Elements of a wireless network
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wireless hosts laptop, PDA, IP phone run applications may be stationary (non-mobile) or mobile wireless does not always mean mobility. network infrastructure. Elements of a wireless network. base station typically connected to wired network

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Elements of a wireless network

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Elements of a wireless network

wireless hosts

  • laptop, PDA, IP phone

  • run applications

  • may be stationary (non-mobile) or mobile

    • wireless does not always mean mobility

network

infrastructure

Elements of a wireless network

6: Wireless and Mobile Networks


Elements of a wireless network1

base station

  • typically connected to wired network

  • relay - responsible for sending packets between wired network and wireless host(s) in its “area”

    • e.g., cell towers 802.11 access points

network

infrastructure

Elements of a wireless network

6: Wireless and Mobile Networks


Elements of a wireless network2

network

infrastructure

Elements of a wireless network

wireless link

  • typically used to connect mobile(s) to base station

  • also used as backbone link

  • multiple access protocol coordinates link access

  • various data rates, transmission distance

6: Wireless and Mobile Networks


Characteristics of selected wireless link standards

Outdoor

50 – 200m

Mid range

outdoor

200m – 4Km

Long range

outdoor

5Km – 20Km

Indoor

10 – 30m

Characteristics of selected wireless link standards

54 Mbps

802.11{a,g}

5-11 Mbps

.11 p-to-p link

802.11b

1 Mbps

802.15

3G

384 Kbps

UMTS/WCDMA, CDMA2000

2G

56 Kbps

IS-95 CDMA, GSM

6: Wireless and Mobile Networks


Elements of a wireless network3

infrastructure mode

  • base station connects mobiles into wired network

  • handoff: mobile changes base station providing connection into wired network

network

infrastructure

Elements of a wireless network

6: Wireless and Mobile Networks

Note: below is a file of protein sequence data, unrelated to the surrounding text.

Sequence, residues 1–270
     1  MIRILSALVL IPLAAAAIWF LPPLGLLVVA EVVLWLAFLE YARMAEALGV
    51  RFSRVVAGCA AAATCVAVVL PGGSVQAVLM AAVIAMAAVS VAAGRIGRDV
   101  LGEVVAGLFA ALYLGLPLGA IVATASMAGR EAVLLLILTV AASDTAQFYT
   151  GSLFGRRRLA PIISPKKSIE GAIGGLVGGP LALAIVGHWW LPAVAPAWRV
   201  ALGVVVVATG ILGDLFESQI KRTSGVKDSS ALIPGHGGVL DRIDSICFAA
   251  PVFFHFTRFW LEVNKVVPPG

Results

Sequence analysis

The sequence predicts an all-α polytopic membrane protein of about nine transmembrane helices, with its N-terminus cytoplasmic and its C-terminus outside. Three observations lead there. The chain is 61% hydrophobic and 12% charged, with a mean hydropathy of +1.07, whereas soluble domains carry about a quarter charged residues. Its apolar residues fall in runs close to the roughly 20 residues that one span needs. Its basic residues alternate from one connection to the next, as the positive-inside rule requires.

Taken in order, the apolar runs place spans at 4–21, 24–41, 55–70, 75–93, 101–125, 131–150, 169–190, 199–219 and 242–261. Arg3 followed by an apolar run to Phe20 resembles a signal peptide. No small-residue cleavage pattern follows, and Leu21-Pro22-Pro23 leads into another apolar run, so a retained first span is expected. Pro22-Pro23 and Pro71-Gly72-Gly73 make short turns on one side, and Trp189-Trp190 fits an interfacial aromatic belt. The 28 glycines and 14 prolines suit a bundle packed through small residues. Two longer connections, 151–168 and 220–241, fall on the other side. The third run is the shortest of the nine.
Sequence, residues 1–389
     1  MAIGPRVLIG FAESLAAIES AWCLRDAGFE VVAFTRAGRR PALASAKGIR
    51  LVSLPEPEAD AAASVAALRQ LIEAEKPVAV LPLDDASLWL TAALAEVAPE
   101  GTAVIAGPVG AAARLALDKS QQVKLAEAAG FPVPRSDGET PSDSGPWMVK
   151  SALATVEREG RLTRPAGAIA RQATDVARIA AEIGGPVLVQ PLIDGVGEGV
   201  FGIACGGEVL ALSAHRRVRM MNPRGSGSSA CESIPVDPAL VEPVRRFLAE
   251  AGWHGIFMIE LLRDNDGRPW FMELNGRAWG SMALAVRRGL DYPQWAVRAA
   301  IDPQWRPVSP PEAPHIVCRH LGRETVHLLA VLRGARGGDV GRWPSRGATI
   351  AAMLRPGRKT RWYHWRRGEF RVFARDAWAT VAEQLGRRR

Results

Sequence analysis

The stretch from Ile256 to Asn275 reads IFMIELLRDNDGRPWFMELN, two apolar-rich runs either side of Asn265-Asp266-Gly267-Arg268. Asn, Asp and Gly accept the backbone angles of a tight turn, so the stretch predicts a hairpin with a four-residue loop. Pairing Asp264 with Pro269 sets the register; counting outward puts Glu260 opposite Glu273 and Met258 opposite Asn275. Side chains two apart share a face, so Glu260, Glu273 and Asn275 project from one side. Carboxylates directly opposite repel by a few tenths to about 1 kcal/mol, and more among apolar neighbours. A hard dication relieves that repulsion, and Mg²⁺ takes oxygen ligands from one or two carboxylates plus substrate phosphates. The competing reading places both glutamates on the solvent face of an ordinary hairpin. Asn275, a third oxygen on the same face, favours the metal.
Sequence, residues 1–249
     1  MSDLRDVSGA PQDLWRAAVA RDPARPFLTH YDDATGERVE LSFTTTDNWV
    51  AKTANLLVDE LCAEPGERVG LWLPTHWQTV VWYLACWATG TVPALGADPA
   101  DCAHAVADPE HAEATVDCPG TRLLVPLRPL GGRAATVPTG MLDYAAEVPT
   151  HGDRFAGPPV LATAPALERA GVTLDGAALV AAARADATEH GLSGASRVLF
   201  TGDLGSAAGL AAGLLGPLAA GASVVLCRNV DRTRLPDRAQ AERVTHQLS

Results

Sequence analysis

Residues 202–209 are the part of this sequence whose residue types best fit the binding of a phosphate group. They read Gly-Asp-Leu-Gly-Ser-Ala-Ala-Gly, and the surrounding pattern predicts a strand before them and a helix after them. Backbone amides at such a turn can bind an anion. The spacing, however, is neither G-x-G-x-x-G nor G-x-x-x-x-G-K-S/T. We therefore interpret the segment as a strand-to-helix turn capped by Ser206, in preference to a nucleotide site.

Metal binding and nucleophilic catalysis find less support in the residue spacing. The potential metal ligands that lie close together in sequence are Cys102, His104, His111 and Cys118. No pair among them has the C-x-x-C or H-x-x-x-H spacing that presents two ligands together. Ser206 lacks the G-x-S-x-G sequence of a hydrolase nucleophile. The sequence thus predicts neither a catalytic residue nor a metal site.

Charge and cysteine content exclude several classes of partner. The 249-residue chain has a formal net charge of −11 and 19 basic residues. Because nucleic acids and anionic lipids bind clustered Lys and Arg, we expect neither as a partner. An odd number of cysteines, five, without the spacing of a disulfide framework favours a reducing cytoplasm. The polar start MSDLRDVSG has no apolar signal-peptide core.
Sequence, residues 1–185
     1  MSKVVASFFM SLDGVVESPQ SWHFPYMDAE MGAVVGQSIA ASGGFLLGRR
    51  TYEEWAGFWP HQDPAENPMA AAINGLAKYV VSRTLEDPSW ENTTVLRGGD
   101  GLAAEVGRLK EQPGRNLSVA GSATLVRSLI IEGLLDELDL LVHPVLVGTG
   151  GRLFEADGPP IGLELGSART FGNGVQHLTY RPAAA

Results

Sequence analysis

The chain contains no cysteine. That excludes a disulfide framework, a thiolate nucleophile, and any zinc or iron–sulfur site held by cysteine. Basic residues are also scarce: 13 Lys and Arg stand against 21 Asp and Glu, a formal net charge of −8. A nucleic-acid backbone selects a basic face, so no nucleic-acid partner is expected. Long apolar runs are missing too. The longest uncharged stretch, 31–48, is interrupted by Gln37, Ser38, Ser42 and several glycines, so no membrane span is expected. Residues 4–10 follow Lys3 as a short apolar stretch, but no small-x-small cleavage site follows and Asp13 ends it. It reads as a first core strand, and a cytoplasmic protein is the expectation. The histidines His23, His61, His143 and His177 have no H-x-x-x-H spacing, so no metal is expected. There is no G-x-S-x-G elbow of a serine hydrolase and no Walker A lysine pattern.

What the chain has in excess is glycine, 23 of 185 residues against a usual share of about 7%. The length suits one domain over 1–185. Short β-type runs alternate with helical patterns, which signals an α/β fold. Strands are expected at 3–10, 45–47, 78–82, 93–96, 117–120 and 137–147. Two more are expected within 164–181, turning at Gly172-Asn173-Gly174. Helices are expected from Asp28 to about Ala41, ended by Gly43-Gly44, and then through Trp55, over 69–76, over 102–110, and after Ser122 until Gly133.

Elements of a wireless network4

Elements of a wireless network

Ad hoc mode

  • no base stations

  • nodes can only transmit to other nodes within link coverage

  • nodes organize themselves into a network: route among themselves

6: Wireless and Mobile Networks


Wireless link characteristics

Wireless Link Characteristics

Differences from wired link ….

  • decreased signal strength: radio signal attenuates as it propagates through matter (path loss)

  • interference from other sources: standardized wireless network frequencies (e.g., 2.4 GHz) shared by other devices (e.g., phone); devices (motors) interfere as well

  • multipath propagation: radio signal reflects off objects ground, arriving ad destination at slightly different times

    …. make communication across (even a point to point) wireless link much more “difficult”

6: Wireless and Mobile Networks


Wireless network characteristics

B

A

C

C

C’s signal

strength

A’s signal

strength

B

A

space

Wireless network characteristics

Multiple wireless senders and receivers create additional problems (beyond multiple access):

Hidden terminal problem

  • B, A hear each other

  • B, C hear each other

  • A, C can not hear each other

    means A, C unaware of their interference at B

Signal fading:

  • B, A hear each other

  • B, C hear each other

  • A, C can not hear each other interferring at B

6: Wireless and Mobile Networks


Ieee 802 11 wireless lan

802.11b

2.4-5 GHz unlicensed radio spectrum

up to 11 Mbps

direct sequence spread spectrum (DSSS) in physical layer

all hosts use same chipping code

widely deployed, using base stations

802.11a

5-6 GHz range

up to 54 Mbps

802.11g

2.4-5 GHz range

up to 54 Mbps

All use CSMA/CA for multiple access

All have base-station and ad-hoc network versions

IEEE 802.11 Wireless LAN

6: Wireless and Mobile Networks


802 11 lan architecture

AP

AP

Internet

802.11 LAN architecture

  • wireless host communicates with base station

    • base station = access point (AP)

  • Basic Service Set (BSS) (aka “cell”) in infrastructure mode contains:

    • wireless hosts

    • access point (AP): base station

    • ad hoc mode: hosts only

hub, switch

or router

BSS 1

BSS 2